The clementine marmalade I made caught slightly on the bottom of the pan. This is what comes of trying to cook and blog at the same time! I only took my eye off the ball for a couple of seconds, while I had a spoonful of the golden, orangey preserve waiting for the fridge test.
Most of the marmalade was fine, so I bottled it up. But there was about half a jar on the bottom which had gone too far. As you know, I cannot bear to waste food, and this is no exception. I won’t inflict this on my friends, but there is no reason why I can’t still use it.
Marmalade makes a great glaze for both sweet and savoury food. I did bake a yoghurt cake, and then melted 2 tbsp of the marmalade with a tbsp of water to make a glaze. I poured the glaze over the cake while both were still warm, and then left the lot to cool in the tin. Unfortunately, I have never made a yoghurt cake before, and clearly didn’t beat the egg, yoghurt and oil together enough, so it was too dense, so I haven’t photographed it. It was fine, when splashed with a little Cointreau (or orange juice would also be fine), and served with fresh Greek yoghurt.
I have also kept a little marmalade in reserve, because I have another glaze in mind, but this time for a nice duck, a wild one if I can get hold of it. I shall add shallots and thyme, and make sure I baste the bird as it cooks. I guess you can expect to see it here, if it is a success.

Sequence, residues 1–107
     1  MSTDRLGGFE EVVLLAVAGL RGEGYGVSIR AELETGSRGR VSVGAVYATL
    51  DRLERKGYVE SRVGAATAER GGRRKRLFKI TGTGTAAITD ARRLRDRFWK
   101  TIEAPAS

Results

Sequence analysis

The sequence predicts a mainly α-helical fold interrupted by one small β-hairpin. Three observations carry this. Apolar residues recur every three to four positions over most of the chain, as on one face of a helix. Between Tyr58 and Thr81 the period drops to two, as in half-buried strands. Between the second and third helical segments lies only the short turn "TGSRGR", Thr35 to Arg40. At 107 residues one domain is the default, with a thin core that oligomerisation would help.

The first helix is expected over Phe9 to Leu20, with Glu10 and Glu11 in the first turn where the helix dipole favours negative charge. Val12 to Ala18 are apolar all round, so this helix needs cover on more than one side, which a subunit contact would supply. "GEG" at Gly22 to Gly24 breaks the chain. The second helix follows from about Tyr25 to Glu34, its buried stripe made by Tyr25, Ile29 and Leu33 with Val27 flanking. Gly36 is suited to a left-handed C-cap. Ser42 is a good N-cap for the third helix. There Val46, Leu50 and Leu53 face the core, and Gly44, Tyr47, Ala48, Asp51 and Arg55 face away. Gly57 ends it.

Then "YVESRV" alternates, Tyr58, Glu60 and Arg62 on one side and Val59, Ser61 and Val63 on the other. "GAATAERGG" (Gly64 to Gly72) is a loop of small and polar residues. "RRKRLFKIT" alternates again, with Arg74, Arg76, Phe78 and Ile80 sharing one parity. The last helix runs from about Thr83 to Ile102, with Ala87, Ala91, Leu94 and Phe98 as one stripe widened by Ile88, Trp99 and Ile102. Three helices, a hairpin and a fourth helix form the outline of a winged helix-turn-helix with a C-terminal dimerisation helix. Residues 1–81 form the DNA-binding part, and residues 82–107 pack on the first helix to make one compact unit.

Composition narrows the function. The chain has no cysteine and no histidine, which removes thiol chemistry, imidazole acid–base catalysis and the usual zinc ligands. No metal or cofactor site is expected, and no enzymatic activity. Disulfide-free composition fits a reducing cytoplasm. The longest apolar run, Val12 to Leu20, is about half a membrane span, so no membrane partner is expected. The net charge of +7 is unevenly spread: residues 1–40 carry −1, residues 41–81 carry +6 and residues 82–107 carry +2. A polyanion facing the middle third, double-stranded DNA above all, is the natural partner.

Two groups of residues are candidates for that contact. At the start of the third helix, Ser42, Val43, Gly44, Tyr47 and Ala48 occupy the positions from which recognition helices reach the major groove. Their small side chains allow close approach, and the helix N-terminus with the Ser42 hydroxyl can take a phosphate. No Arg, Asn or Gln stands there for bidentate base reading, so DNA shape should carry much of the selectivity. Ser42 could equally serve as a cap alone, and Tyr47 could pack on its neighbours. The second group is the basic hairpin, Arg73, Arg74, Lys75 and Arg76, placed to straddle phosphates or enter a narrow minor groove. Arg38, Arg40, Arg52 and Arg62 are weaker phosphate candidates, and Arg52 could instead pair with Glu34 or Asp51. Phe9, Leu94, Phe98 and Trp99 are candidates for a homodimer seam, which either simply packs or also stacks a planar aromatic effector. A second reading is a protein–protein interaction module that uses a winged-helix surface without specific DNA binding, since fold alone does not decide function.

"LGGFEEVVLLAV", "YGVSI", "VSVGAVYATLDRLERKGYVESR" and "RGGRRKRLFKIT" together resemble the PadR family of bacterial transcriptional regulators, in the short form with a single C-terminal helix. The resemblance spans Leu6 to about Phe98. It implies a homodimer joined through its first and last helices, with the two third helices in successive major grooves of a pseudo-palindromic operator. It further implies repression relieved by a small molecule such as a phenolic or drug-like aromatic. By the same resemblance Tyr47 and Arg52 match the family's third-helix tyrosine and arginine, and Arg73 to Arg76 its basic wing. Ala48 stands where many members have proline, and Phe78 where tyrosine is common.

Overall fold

However, I left the lion’s share of the leftover marmalade for the recipe I am about to share with you now. The first thing that came to my mind when it was clear I would have some marmalade was flapjacks. I’m not really sure why, but I knew that I had to try it. I had a feeling that the thick cut, sticky marmalade would be the perfect foil for the oats. Both of them are traditionally associated with breakfast, and I really thought this could fly. I thought about it some more over the next few days, and it became clear that I could substitute the marmalade for the usual golden syrup.
There is a golden ratio for the usual kind of flapjack. As long as you stick with this ratio, then you can’t go far wrong. It also works for metric, imperial, volume, or if you prefer to measure your ingredients by a more eccentric means. The ratio is as follows:
- 2 Golden Syrup
- 4 Butter
- 6 Brown Sugar
- 8 Oats (or oats & other dry ingredients, such as seeds)
This is the ratio that I was taught as a small kid, and it has never yet done me wrong. You can then add more stuff, like dried or fresh fruits, candied peel or crystallised ginger, spices, chocolate, and so on. I always use a mix of whole rolled oats, and the finer, chopped sort that is best for porridge, because I find this gives it a better texture without falling apart. You can add seeds and other grains as well if you like, but you should adjust the amount of oats, so that you maintain the ratio.
These were unconventional flapjacks, not just in the sense of substituting syrup for marmalade, but I have to admit in this case, I also decided to adjust the proportions of the ratio as well. I wanted the orange to really shine in the mix, and the marmalade has a lot of sugar in it anyway. It may not please your grandmother, but it worked for me in this instance.